The presence of other psychological disorders may be risk factors for ARFID, such as anxiety disorders, obsessive- compulsive disorders, attention deficit disorders, and autism spectrum disorders If an individual presents with one of these illnesses and an eating problem, a diagnosis of ARFID should be given only when the feeding disturbance itself is causing significant clinical impairment individuals with a history of gastrointestinal conditions such as gastroesophageal reflux may develop feeding disturbances, but a diagnosis of ARFID should be assigned only when the feeding disturbances require significant treatment beyond that needed for the gastrointestinal problems.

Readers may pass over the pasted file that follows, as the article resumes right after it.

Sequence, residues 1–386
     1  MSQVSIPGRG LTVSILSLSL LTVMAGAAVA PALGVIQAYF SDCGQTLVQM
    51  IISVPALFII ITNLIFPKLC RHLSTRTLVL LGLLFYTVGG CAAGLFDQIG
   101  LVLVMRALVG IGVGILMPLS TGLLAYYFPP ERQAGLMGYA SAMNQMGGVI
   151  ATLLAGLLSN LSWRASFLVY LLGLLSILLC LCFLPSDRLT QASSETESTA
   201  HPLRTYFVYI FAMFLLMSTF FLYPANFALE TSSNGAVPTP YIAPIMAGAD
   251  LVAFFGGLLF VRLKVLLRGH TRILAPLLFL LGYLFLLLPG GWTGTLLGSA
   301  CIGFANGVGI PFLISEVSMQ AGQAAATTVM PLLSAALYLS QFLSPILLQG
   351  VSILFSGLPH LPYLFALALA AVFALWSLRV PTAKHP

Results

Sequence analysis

Little is currently known about effective treatment interventions for individuals presenting with ARFID given the prominent avoidance behaviors, it seems likely that behavioral interventions, such as forms of exposure therapy depression or anxiety that affects feeding, cognitive behavioral therapy and other treatments for the underlying condition
Bulimia nervosa is characterized by recurrent and frequent episodes of eating unusually large amounts of food feeling a lack of control over the eating. purging (e.g., vomiting, excessive use of laxatives or diuretics), fasting and/or excessive exercise DSM-5 criteria reduce the frequency of binge eating and compensatory behaviors to once a week from twice weekly as specified in DSM-IV.
Psychological treatments first choice Adults mat be offered antidepressants SSRI’s esp fluoxetine 60mg effective dose Can reduce frequency of binge eating and purging Long term effects unknown Early response at 3 weeks strong indicator of response overall Used off licensed in adolescents Some evidence for topiramate, duloxetine, lamotrigine and sertraline reduce binges